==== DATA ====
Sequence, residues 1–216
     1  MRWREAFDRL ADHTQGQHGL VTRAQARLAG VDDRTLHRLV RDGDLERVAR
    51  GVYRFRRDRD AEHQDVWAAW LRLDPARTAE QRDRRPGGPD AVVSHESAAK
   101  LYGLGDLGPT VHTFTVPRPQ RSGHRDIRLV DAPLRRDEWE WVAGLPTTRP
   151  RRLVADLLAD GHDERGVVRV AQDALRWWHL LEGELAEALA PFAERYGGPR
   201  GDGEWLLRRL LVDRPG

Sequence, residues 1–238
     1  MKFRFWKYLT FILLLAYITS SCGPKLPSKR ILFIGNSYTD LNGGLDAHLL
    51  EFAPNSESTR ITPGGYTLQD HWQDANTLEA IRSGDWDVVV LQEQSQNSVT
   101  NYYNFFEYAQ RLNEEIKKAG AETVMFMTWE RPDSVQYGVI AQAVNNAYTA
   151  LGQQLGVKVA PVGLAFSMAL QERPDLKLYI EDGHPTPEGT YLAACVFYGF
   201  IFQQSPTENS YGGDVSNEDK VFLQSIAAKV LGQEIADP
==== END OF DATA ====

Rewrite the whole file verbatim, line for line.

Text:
Sequence, residues 1–216
     1  MRWREAFDRL ADHTQGQHGL VTRAQARLAG VDDRTLHRLV RDGDLERVAR
    51  GVYRFRRDRD AEHQDVWAAW LRLDPARTAE QRDRRPGGPD AVVSHESAAK
   101  LYGLGDLGPT VHTFTVPRPQ RSGHRDIRLV DAPLRRDEWE WVAGLPTTRP
   151  RRLVADLLAD GHDERGVVRV AQDALRWWHL LEGELAEALA PFAERYGGPR
   201  GDGEWLLRRL LVDRPG

Sequence, residues 1–238
     1  MKFRFWKYLT FILLLAYITS SCGPKLPSKR ILFIGNSYTD LNGGLDAHLL
    51  EFAPNSESTR ITPGGYTLQD HWQDANTLEA IRSGDWDVVV LQEQSQNSVT
   101  NYYNFFEYAQ RLNEEIKKAG AETVMFMTWE RPDSVQYGVI AQAVNNAYTA
   151  LGQQLGVKVA PVGLAFSMAL QERPDLKLYI EDGHPTPEGT YLAACVFYGF
   201  IFQQSPTENS YGGDVSNEDK VFLQSIAAKV LGQEIADP